The Sound of Poplar
We first met Devon-based multidisciplinary artist Hugh McCann at our seasonal Scratch Night last September. Fast forward 9 months and he is coming to the close of his weeklong residency with us – the culmination of which is his site-responsive piece You Are Here: Poplar. He is here to tell us more about the project, and his interest in capturing the essence of place through sound.
The Importance of Darkness
About eighteen ago, I saw a gig at Royal Festival Hall by an artist I’d never heard of called Autechre, and it was performed entirely in the dark. It was a totally unique experience to me, inducing a kind of unexpected trance, and turning my attention inwards rather than outwards to what the artists were doing. I saw this gig with my mate Josh, and we both decided to start making our own audio events to be performed in the dark. At the time we were both really getting into the idea of psychogeography, a slippery word which basically encompasses creative practice that relates the external world to the internal, although I am no expert and am sure could have phrased this better (Google would be a much wiser source of info).
We went on to create a show called 40KM, in which we’d walk a continuous 40KM through a city, Josh taking field recordings, and I field notes, which would be blended into a semi-improvised soundscape with narration in the dark. We toured to three cities (London, Exeter, Plymouth), and then went our separate ways (I moved to the Southwest, Josh remained in London). The aim was to make site-responsive audio pieces that offered audiences of that location a chance to reimagine and reinhabit spaces which may have become familiar.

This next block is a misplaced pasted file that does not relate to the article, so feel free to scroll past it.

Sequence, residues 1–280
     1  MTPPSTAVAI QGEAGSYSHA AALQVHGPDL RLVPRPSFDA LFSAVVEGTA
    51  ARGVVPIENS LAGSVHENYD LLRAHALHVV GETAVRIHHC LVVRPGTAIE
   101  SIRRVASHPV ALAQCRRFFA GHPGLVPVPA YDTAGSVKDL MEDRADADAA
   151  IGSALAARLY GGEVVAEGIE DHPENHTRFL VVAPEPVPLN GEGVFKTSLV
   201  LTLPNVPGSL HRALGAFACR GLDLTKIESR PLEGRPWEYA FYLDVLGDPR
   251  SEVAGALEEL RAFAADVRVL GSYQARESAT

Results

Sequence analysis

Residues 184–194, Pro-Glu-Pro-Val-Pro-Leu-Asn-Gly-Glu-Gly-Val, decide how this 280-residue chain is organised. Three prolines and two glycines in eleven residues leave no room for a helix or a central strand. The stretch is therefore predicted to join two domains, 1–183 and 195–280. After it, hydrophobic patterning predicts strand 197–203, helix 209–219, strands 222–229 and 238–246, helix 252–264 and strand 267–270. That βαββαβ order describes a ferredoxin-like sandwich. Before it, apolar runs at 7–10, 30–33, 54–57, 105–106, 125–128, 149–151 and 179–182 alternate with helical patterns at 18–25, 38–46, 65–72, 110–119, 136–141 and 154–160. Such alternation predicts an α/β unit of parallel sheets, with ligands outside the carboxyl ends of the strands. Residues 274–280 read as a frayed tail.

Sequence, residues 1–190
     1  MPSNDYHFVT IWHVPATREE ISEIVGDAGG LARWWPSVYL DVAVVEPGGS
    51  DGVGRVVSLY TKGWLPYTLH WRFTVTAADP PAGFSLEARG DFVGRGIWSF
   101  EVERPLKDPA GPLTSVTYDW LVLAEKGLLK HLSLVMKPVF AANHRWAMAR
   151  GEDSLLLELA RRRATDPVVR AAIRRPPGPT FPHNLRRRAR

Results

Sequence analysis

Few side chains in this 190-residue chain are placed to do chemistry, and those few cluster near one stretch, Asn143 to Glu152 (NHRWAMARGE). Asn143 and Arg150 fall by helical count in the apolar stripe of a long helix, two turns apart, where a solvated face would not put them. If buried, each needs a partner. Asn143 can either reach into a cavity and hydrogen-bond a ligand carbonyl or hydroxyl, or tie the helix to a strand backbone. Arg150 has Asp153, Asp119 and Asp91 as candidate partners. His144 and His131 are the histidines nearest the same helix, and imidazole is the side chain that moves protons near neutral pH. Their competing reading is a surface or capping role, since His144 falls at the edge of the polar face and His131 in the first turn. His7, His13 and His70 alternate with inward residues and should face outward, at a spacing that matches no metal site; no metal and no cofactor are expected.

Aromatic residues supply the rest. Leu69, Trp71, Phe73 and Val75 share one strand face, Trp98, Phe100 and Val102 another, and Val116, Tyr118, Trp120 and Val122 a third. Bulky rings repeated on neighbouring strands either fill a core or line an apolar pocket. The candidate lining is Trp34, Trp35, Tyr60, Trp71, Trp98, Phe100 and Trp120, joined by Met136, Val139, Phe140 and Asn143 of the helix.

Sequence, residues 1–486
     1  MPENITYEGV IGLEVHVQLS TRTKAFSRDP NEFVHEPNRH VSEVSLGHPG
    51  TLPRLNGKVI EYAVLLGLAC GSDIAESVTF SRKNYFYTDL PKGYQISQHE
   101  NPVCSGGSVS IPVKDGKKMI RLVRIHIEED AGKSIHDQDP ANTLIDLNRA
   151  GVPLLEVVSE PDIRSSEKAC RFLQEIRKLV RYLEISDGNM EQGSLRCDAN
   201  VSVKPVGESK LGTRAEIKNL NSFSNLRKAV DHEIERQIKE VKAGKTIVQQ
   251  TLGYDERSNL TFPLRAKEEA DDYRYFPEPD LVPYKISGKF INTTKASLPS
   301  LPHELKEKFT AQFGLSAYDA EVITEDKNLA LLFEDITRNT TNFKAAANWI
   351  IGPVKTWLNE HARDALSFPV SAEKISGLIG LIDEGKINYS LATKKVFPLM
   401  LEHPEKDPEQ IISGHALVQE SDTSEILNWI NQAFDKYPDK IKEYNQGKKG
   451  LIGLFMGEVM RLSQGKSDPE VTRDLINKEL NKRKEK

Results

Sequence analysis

You Are Here
You Are Here is an outgrowth from 40KM, which is more about chatting to local residents and communities of the area local to the venue, than walking, and focuses on smaller geographic fields, i.e Poplar, which is the first in the series, which will hopefully continue to explore areas across the UK. I was particularly interested in Poplar as a place with a vast history and busy present/future, yet is scarcely visible on a national level. The audio made in Poplar will be made freely available online after the performances at Poplar Union.
The aim of the show is to offer audiences a chance to sit down and close their eyes in a busy and highly visual world, and to reflect back a sample of the voices of the area, along with field recording made in Poplar.
• Join us this Thursday 12 July for a double bill of You Are Here at 7.30pm, followed by Caj Collab at 8.30pm at a special price of only £7 per show. Learn more about Hugh on his website, or follow him on Twitter or Instagram.